Since the invasion of Ukraine and the resulting sanctions that were put on Russia by Western nations, has done little at all to hurt Russia – instead causing chaos across the West and according to a report, the actions taken by Western countries are funding Russia’s war with Ukraine.
Commodities traders in Switzerland, Singapore and Dubai are snapping up cheap Russian oil and “despite a plethora of sanctions and boycotts, Russia has managed to export nearly a billion dollars’ worth of fossil fuels per day since its invasion of Ukraine,” according to the report from OilPrice.com.
From his very first day in office, President Joe Biden cut off oil and gas production in the United States, while oil is still very much in demand, and as a result, Russia has been able to take over and offer up a cheaper deal to other countries – like China.
All while America is caught short with depleting oil and gas supplies and now has to import from the US’s competition.
Since the day of the invasion, despite Western sanctions that were designed to “ruin” Russia’s economy, Russia has managed to bring almost $100 billion into its coffers.
Expensive oil and fuel prices in the West “have allowed Russian oil and gas revenues to climb even after the sanctions forced export volumes to dip,” OilPrice.com reports.
“Ultimately, there is no shortage of willing buyers lining up for cheap Russian Urals, nor is there a dearth of middlemen connecting them with Russian energy companies,” the site’s report continued.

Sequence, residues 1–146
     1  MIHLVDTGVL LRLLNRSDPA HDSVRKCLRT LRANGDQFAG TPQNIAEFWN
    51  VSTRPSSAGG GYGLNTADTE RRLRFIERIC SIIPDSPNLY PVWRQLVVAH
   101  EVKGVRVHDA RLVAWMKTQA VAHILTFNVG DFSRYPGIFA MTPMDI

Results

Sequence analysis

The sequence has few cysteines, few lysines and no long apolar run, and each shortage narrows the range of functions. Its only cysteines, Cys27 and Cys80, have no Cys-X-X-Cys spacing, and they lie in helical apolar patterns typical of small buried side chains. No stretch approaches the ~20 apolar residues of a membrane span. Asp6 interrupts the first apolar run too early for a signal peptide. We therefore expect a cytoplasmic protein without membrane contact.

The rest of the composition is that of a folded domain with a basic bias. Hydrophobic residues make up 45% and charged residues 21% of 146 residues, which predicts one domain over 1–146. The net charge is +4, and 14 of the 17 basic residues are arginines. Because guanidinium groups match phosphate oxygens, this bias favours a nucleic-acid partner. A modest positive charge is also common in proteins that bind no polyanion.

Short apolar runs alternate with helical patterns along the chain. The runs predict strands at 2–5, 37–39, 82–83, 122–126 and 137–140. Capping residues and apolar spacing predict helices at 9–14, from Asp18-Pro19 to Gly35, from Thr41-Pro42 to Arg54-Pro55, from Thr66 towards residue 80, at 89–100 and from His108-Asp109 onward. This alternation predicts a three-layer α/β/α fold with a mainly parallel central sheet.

“Lurking behind the scenes are Switzerland’s giant trading houses Vitol, Glencore and Gunvor as well as Singapore’s Trafigura, all of which have continued lifting large volumes of Russian crude and products, including diesel, amid wide-ranging Western Sanctions on Russia,” the report adds.
Natural News reported:
While Vitol officials have pledged to stop purchasing Russian oil by year’s end, that is still months away and that pledge could change depending on market conditions. And while Trafigura vowed to cease purchases of crude oil from Russia’s state-owned Rosneft by mid-May, the trader is still free to purchase Russian crude from other suppliers. And Glencore officials said they would not make any “new” trading deals with Moscow, but so far, the trader hasn’t had any issues maintaining current deals.
Demand for Russian oil has also increased in India and in the first three months of Russia’s invasion into Ukraine, India spent upwards of $5.1 billion on oil, gas and coal – purchased from Russia.
India has never been a big buyer of Russian crude despite having to import 80% of its needs. In a typical year, India imports just 2-5% of its crude from Russia, roughly the same proportion as the United States did before it announced a 100% ban on Russian energy commodities. Indeed, India imported only 12 million barrels of Russian crude in 2021, with the majority of its oil sourced from Iraq, Saudi Arabia, the United Arab Emirates, and Nigeria.
Samir N. Kapadia, head of trade at government relations consulting firm Vogel Group, told CNBC, “Today, the Government of India’s motivations are economic, not political. India will always look for a deal in their oil import strategy. It’s hard not to take a 20% discount on crude when you import 80-85% of your oil, particularly on the heels of the pandemic and global growth slowdown,” according to OilPrice.com.